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01.06.2014 | Otology | Ausgabe 6/2014

European Archives of Oto-Rhino-Laryngology 6/2014

Memantine’s action against aminoglycoside-induced ototoxicity

Zeitschrift:
European Archives of Oto-Rhino-Laryngology > Ausgabe 6/2014
Autoren:
Pavlos Pavlidis, Jan Maurer, Eirini Apostolidou, Georgios Kekes, Dimitrios Kouvelas

Abstract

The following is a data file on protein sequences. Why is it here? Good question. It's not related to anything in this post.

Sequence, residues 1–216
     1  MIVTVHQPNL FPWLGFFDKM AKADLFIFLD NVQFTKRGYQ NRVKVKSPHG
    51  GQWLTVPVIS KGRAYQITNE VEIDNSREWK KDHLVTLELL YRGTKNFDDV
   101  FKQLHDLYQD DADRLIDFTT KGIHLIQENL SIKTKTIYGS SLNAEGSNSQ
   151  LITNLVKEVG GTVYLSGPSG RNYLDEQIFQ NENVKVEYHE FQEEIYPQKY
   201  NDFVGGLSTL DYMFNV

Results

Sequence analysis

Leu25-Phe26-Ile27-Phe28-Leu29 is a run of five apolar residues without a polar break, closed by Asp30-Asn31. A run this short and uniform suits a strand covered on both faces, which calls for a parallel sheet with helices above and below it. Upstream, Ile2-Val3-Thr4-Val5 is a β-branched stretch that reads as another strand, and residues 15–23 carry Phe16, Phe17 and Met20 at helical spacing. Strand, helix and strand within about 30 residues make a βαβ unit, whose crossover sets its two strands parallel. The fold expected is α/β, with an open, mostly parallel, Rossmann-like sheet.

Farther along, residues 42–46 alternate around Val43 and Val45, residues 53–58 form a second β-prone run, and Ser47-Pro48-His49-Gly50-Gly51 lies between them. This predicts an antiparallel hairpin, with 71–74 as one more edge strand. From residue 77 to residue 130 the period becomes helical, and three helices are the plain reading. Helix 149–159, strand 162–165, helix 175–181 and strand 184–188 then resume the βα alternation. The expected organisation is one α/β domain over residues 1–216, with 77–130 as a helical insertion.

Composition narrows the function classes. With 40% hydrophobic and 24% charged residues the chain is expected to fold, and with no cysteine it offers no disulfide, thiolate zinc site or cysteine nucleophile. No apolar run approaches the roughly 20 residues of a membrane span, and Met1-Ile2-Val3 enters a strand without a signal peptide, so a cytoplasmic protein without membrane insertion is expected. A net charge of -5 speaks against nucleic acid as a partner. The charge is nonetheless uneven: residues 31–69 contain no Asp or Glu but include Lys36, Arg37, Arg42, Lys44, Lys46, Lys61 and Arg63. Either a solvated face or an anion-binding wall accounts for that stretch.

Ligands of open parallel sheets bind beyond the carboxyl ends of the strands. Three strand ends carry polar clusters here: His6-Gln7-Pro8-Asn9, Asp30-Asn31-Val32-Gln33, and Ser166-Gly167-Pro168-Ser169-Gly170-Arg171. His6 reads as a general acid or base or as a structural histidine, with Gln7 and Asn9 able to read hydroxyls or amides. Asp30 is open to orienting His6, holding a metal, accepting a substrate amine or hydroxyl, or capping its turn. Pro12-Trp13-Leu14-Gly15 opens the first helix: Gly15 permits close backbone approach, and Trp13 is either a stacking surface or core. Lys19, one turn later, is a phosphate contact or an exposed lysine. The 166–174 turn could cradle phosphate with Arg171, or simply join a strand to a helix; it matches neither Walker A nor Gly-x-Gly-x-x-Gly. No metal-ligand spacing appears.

The objectives of this study were (1) to assess the protective role of NMDA antagonists against the ototoxic effects of aminoglycosides, (2) to provide any possible evidence between ototoxicity due to aminoglycosides and excitotoxicity. An animal experiment was conducted. Twenty-eight, 3-month-old female New Zealand rabbits, weighing 1,000–1,500 g, were studied prospectively for 28 days after intramuscular administration of amikacin (15 mg/kg/day divided into two equal doses) for 14 days. Twenty-one rabbits were categorized into three equal treatment groups and seven animals received no medication and served as the control group. The animals of A, B and C groups were injected, intramuscularly, with amikacin 15 mg/kg/day, divided into two equal doses every day for 14 days. Animals of group A received in parallel memantine (per os) and those of group B received p.o. the same volume of placebo solution. The rabbits of the third group (group C) received on the 15th day and every 2 days for the next 2 weeks, until the day 28, memantine of the same quantity as the members of group A. Differences in DPOAE amplitudes, and therefore in cochlear activity, between group A and group B were revealed. DPOAE amplitudes of group B were further reduced compared to the respective amplitudes in rabbits of group A. No improvement was observed in DPOAE measurements performed after the discontinuation of injections. The findings in group C should be examined separately. The measurements showed apparent reversal ototoxic effects in four of the animals. The development of aminoglycoside otoprotective strategies is a primary goal in ototoxicity research. The administration of NMDA antagonists has been shown to prevent, at least to some extent, toxic damage to hair cells in guinea pigs, treated with aminoglycoside antibiotics.

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